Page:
In addition to known risk factors, drowsy driving is more prevalent among binge drinkers than non-binge drinkers or abstainers, and it is more prevalent among drivers who sometimes, seldom, or never wear seatbelts while driving or riding in a car, compared with those who always or almost always wear seatbelts. This is according to the Centers for Disease Control and Prevention’s just published “Mortality and Morbidity Report: Drowsy Driving and Risk Behaviors – 10 States and Puerto Rico, 2011-2012.” Smoking is not a risk factor, according to the findings.

The report continues, “Interventions designed to reduce binge drinking and alcohol-impaired driving, to increase enforcement of seatbelt use, and to encourage adequate sleep and seeking treatment for sleep disorders might contribute to reductions in drowsy driving crashes and related injuries.”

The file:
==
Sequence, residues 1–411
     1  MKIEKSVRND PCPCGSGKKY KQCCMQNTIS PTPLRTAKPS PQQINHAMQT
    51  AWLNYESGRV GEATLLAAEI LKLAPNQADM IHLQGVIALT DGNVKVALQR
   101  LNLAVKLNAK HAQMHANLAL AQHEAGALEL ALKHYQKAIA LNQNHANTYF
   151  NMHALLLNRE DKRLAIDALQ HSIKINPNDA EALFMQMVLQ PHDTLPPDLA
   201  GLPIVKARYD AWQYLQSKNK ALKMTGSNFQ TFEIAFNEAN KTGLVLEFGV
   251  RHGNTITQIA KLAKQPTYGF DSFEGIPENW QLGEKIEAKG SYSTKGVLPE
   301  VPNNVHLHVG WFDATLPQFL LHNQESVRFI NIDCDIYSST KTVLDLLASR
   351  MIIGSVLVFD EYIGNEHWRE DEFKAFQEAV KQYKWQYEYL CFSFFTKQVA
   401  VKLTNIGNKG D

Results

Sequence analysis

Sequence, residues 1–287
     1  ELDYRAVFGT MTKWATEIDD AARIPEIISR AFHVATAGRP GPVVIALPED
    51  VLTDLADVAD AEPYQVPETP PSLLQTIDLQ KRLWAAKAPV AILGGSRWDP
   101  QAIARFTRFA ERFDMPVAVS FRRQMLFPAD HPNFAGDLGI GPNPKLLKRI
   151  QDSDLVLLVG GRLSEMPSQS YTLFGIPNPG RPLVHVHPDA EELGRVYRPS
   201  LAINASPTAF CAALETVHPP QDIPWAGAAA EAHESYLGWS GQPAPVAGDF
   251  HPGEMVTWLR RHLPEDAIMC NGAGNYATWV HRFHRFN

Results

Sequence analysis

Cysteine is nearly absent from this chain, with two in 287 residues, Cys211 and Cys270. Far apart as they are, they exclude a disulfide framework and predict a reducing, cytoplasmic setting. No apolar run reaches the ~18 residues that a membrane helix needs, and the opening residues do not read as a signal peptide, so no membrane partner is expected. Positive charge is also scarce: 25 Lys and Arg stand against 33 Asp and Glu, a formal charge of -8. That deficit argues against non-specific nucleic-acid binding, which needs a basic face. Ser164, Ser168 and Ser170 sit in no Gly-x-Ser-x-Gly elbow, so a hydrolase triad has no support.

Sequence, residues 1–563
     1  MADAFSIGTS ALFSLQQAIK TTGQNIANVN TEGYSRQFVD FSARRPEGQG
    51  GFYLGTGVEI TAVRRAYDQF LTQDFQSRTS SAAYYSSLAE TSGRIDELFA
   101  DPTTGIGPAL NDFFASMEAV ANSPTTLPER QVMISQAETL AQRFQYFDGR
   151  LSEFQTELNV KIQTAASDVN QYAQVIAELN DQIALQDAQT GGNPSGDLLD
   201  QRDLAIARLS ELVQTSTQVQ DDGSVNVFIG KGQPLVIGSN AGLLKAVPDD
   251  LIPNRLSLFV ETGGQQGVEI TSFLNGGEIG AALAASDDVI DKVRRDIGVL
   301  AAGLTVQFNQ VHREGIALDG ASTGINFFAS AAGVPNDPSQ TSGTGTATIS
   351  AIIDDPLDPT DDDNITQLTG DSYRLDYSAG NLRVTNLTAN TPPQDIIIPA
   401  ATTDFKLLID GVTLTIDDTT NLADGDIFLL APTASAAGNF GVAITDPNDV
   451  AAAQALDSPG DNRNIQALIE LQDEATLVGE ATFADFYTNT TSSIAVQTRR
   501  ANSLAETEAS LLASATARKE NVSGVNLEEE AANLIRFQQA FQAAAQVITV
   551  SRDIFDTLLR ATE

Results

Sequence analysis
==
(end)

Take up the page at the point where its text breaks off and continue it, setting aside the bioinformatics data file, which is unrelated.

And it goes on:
The CDC has named motor vehicle injury prevention as one of its 10 “winnable battles.” It notes that effective interventions exist to address binge drinking, alcohol-impaired driving, and nonuse of seatbelts. Because young men are more likely to engage in all of these risk behaviors, interventions might be aimed at this high-risk population, the report states.